Have you ever played the email conversation game?
You send an email, the recipient responds and it’s clear he didn’t quite get the message. So you reply trying to clarify the information. It’s very frustrating.
Finally, you realize that this isn’t a good use of email. You need to pick up the phone and have a real conversation.
I’ve been doing that more and more. There are times for messages and email is fabulous for that. And there are times for conversations to explain, discuss, clarify and enhance understanding.
All of which causes me to think about our communication with our kids. If we are losing our ability to communicate with our peers, what is this doing to our communication with our children?
One conversation we are always struggling with is getting the kids to tell us what happened at school. Let’s look at what many of us do now. The minute we see our child, we hug them then immediately we engage them in a dialogue about their day at school. “Did you have a good day?” Did Mr. Purdy give you that test?” “How did you do with your English report?”
Did I say dialogue? Sounds like an interrogation. How would you like to come home from work, put down your briefcase or take off your hardhat and have the questions begin? “Did your boss talk to you today? Did you finish that section of flooring in the building you’re working on?”
You would likely say something like, “I’m tired, I’ve had a long day, leave me alone for Pete’s sake.”
Of course we want to know what our children are doing when they are not with us. But the bottom line is that much of it is boring and some of it is none of our business.
Between classes Roger and Gil talked about the football game and during class the teacher droned on about the Peloponnesian Wars and he doesn’t want to talk about it. Surrinder and Marie had a long conversation about their classmate, Justin. Surrinder asked Marie if she thinks that Justin likes her. He did look across the room and smile, didn’t he? Should she go up to him and say hello? This conversation went on for most of the day and trust me this is one you will not be privy to, it’s private.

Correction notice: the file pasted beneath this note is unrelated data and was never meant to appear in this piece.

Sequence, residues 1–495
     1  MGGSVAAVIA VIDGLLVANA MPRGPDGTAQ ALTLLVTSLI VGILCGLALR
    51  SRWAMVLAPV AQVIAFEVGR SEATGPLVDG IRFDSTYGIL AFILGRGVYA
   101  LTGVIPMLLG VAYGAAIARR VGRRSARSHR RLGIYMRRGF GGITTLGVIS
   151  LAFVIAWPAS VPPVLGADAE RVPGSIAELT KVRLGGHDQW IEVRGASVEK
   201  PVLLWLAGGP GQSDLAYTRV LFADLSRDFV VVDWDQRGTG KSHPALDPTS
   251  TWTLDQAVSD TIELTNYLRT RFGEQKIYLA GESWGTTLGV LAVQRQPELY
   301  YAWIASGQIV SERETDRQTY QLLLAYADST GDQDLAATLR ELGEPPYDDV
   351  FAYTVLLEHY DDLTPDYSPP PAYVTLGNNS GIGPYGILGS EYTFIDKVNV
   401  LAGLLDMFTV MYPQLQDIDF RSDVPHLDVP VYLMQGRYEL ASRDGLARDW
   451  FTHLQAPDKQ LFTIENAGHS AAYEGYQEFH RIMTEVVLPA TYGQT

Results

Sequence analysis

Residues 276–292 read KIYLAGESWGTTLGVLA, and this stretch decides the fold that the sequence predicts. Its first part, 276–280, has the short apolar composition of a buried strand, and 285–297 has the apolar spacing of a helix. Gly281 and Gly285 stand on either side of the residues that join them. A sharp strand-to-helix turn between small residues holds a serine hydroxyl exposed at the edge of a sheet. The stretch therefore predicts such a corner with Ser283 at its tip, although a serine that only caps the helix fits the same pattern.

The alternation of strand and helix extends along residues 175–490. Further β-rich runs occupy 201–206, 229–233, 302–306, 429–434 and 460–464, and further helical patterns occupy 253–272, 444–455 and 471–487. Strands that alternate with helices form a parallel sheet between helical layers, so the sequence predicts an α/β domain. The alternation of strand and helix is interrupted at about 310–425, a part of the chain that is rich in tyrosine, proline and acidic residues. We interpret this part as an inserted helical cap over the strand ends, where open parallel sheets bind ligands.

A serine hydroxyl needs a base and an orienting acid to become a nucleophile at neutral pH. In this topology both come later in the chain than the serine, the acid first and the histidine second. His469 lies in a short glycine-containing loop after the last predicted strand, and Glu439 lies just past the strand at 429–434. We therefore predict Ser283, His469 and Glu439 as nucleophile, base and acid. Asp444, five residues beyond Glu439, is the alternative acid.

So what does all this mean? We need to learn to converse, not interrogate and to respect our children’s privacy. They will choose what to tell us in the same way that we choose what to tell them, our spouses, parents and friends.
Conversation requires time. When all our communication takes place on the fly it tends to become terse and bland. We share basic information. “Mom, I need a ride to Jessica’s place tonight.” Or we determine basic facts. “Terry, have you finished your homework?”
The old-fashioned family meal is still the best time for family conversation. I know, for most of you, sitting down together seven nights a week is a dream, not a reality. But with a little planning we can often pull it off four nights a week, and don’t forget breakfast. Some families actually make breakfast a family meal.
Instead of grilling your kids, start to chat. Tell a funny story about something that happened to you during the day. Comment on something you read in the paper. Or even talk about the weather. Conversation invites reply.
Then listen. If we interrupt with life lessons, with questions and with criticism our kids will soon learn to stay silent. When they have finished then you can reply. And reply with respect.
If they tell a story about a situation which they didn’t handle well avoid saying, “Don’t you think that was a mistake?” Instead say something like, “Are you happy with how you handled that situation? What could you have done differently?”
But don’t feel that every story, every comment has to turn into a lesson. For the most part it’s simply a conversation between people who are interested in each other.
Kathy Lynn is the author of Vive la Différence, Who’s In Charge Anyway? and But Nobody Told Me I’d Ever Have to Leave Home. If you want to read more, sign up for her informational newsletter at parentingtoday.ca.